Author’s Blog
8th Mar


Always Trying to Do Better Than Nature

GMO ShoppingHave you been following the fight to get labeling of genetically modified foods (GMOs)? As “right to know” fights go, the public comment response has been pretty impressive. The law was passed by Congress last year, but those of us who believe GMO foods have potentially serious health implications feel that it didn’t go far enough.

Here’s the law (with all of its compromises) – Producers can choose from a few options: words on a package’s label; a symbol (which has yet to be designed); an 800 number that consumers can call to get information on the product’s GM ingredients; or a QR code on the package that has to be scanned with a smart phone. What busy mom will take the time to do this while herding two small kids, checking her shopping list and steering a shopping cart through a crowded supermarket aisle? And, of course, there actually are people who don’t have smart phones!

Then there are the exemptions from labeling – the most ubiquitous GM crops – corn, soy, canola and sugar beets – would require labeling only in their unrefined state. Most processed foods and highly-refined products that typically contain these and other GM ingredients will not have to be labeled. Meat and other products, like milk or butter, from animals that consumed GMO feed, will not have to be labeled.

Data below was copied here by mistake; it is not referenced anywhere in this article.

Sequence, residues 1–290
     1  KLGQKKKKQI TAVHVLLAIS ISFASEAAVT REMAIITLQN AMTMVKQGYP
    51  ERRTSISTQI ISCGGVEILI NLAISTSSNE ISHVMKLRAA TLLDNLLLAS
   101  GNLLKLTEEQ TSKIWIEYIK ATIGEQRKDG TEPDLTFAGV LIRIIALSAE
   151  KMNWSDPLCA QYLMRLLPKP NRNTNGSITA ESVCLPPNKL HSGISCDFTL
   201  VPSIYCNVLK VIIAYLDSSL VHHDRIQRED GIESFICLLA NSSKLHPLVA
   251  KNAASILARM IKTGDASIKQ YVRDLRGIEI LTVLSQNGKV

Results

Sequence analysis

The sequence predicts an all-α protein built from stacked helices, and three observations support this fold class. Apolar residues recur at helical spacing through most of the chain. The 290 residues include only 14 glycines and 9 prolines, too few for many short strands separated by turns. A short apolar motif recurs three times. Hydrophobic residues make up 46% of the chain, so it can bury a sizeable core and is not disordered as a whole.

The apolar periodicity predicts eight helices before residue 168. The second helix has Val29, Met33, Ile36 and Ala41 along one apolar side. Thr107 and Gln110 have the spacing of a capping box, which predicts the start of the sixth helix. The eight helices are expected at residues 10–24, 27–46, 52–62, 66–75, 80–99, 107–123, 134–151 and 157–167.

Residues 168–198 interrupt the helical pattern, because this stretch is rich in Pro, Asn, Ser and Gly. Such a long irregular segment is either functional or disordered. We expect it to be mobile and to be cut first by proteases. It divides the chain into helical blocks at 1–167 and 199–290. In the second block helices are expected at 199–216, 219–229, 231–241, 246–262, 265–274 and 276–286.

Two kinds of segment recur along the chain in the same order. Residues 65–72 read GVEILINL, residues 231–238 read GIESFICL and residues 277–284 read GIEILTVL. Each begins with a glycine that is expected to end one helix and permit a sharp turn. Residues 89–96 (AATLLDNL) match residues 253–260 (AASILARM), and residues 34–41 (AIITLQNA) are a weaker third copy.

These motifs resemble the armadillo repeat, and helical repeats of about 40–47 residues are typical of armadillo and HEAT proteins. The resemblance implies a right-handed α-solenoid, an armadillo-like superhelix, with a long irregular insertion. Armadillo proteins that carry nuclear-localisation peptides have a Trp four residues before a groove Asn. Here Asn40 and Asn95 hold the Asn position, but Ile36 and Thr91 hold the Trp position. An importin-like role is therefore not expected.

The only goods news is that the law allows organic growers and manufacturers who avoid GM ingredients to say on the packaging that their food DOES NOT contain GMOs.

But that’s not all in the world of “fooling with mother nature!” The biotech industry has been busy and a new generation of food crops known as genetically-edited (GECs) rather than genetically modified is coming to market, and for now, they are exempt from current regulations. Instead of introducing foreign bacteria and viruses into the DNA of a plant or animal cell (GMO technology), gene-editing cuts out genes and splices in new ones of an organism’s own native genome.

Without knowing all the possible negative outcomes of food growing technologies, it’s always good advice to eat foods that you grow yourself or those that are grown by your local organic farmers. As far as prepared foods go, stick to those companies that have a reputation for insuring the purity of their ingredients and that label their products as organic.


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